Revelation 17:7 -18
The “interpretation” of the remainder of chapter 17 leaves a lot of room for further discussion. In a simplistic sense we understand that this is a vision of the fitting end of “Babylon,” who is the cruel tyrant of God’s people.
Vs 7: The angel who took John to the wilderness to see the vision the woman and the beast responds to John’s amazement by explaining the mystery of the woman and the beast on which she rides. This is a single mystery that involves both characters. They cannot be understood apart from the other. But what we see in chapter 17 is widely concerned with the clarification of the beast, but chapter 18 details the judgment of the woman/prostitute.
Vs 8: The portrayal of the beast is a deliberate contrast to the picture of Jesus found in chapter 1 and Ch. 4. He is the One “who is, and who was, and who is to come”. In the widest sense the beast is understood to be the satanically inspired being or force that, even though he died, returns to launch himself with renewed rage against the powers of God.
He is the beast of chapter 13 who was fatally wounded in one of his heads and yet survived. Down through history he repeatedly “comes up out of the Abyss” to harass and, if it were possible, to destroy the people of God. The beast was; at the moment he is not. John wrote under the shadow of an impending persecution. The beast is about to come again.
The Beast had exercised a controlling influence in the consecutive supremacies of the emperors of Rome, but in this final attack he is to be revealed for what he really is—the incarnation of evil in its deep-seated hatred and violent opposition to God and all that is just and good. It is the reappearance of the beast that causes the astonishment on the part of the unbelieving world.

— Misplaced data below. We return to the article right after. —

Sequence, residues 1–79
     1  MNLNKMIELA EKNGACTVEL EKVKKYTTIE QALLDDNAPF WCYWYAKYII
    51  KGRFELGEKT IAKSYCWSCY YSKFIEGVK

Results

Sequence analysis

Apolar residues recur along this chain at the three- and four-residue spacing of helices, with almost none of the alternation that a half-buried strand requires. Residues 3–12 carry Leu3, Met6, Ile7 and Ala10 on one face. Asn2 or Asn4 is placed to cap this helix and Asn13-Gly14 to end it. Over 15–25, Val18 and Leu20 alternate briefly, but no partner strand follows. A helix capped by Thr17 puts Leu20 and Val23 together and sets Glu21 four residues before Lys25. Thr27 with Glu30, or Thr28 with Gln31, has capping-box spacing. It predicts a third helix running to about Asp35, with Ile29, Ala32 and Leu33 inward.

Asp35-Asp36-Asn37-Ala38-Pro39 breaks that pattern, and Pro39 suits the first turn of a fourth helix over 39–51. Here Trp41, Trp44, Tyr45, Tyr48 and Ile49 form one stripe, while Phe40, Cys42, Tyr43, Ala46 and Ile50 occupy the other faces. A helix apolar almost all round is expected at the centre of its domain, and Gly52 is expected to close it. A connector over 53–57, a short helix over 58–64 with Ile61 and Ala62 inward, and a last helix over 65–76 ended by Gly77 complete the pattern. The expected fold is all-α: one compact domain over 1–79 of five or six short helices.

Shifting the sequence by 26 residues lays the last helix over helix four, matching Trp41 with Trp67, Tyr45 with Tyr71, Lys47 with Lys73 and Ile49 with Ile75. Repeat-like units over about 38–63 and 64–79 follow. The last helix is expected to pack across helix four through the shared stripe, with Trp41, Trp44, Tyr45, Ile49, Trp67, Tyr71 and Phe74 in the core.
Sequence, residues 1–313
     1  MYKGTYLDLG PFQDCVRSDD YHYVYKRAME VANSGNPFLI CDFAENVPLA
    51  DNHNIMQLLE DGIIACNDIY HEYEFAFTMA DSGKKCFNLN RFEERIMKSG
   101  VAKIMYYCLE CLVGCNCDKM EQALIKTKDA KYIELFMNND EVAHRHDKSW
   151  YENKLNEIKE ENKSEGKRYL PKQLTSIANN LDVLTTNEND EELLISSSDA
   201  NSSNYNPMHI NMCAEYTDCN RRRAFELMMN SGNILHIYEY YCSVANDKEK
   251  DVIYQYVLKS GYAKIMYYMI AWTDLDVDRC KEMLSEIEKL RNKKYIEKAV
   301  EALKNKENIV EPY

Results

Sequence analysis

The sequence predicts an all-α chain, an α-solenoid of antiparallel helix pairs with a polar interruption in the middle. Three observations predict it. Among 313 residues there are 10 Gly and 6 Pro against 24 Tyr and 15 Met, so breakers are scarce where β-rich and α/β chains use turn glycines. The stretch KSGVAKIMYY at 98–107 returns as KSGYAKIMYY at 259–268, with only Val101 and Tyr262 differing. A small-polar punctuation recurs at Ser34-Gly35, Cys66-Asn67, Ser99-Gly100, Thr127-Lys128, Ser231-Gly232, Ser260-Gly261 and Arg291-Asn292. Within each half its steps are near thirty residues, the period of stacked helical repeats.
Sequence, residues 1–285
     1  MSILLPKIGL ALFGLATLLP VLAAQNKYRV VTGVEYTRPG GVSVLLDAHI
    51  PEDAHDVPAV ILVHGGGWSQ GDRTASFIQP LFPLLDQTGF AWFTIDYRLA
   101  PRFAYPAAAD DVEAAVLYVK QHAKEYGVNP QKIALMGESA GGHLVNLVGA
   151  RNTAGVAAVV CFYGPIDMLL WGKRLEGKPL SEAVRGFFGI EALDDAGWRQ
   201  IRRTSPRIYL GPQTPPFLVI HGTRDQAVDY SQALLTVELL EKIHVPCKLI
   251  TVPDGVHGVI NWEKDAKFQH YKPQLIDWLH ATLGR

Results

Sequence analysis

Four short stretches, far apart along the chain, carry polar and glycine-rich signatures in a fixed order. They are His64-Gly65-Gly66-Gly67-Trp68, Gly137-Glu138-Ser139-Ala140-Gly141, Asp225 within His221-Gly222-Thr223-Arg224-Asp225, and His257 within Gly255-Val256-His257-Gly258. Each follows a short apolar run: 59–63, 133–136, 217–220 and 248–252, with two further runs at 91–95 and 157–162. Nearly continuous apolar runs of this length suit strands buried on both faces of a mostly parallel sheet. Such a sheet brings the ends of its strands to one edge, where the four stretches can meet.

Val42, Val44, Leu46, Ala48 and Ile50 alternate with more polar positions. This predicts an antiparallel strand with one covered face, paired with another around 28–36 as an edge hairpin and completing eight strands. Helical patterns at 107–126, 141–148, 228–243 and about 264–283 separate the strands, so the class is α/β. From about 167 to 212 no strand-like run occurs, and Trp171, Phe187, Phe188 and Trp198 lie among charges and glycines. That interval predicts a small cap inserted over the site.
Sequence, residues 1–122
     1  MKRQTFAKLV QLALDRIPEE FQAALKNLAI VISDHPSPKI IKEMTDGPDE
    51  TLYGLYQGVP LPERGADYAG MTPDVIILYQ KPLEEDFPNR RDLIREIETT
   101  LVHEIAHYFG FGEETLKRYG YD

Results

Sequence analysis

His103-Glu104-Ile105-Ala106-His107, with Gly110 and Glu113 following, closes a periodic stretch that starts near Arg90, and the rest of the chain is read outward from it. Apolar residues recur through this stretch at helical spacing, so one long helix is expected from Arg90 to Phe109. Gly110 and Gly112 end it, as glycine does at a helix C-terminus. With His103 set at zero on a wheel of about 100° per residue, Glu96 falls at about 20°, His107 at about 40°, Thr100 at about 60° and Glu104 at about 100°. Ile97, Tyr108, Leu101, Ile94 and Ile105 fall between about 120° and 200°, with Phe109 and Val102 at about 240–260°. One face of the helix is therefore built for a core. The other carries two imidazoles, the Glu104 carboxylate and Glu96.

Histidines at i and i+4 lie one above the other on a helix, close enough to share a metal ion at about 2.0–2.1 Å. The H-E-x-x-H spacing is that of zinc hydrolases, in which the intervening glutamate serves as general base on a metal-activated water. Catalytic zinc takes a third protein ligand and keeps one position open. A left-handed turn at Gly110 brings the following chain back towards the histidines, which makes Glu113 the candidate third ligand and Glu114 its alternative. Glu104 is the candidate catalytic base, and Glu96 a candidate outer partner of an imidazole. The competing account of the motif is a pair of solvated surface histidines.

Vs. 9: The interpretation of the beast’s seven heads and identity of the ten horns as the forces that will join with the Antichrist in his last fierce assault upon the Lamb. The interpretation of the seven heads is not obvious as there is much debate on the precise meaning but, it may be understood by those who ponder the riddle with care and wisdom
The seven heads of the beast are first identified as seven hills upon which the woman is sitting. There is little doubt that a first-century reader would see this reference as a reference to Rome, the city built upon seven hills. In John’s day Rome embodied all the bitterness and opposition to the Christian faith. The beast is about to come from the Abyss and become embodied in this hostile world order of which the city on seven hills is the governing center.
Vs 10: The seven heads of the beast are also seven kings, five of whom have fallen, one is, and one has not yet come. The most satisfactory explanation of the seven kings is that the number seven is symbolic and stands for the power of the Roman Empire as a historic whole. In Revelation the seven kings represent the entire period of Roman domination regardless of the exact number of emperors. The important point is that the end is drawing near
Vs 11: The beast himself is an eighth king who is at the same time one of the seven. He is an eighth in the sense that he is distinct from the other seven. He is Antichrist, not simply another Roman emperor. He is not a human ruler through whom the power of evil finds expression—he is that evil power itself. He belongs to the cosmic struggle between God and Satan that lies behind the scenes of human history. A somewhat different approach holds that the beast is Antichrist in but two of his heads (successive worldly kingdoms at enmity with God).52 He was embodied in Antiochus Epiphanes, he does not now exist in the same malevolent form, but will in the future arise from the Abyss in the person of the eschatological Antichrist.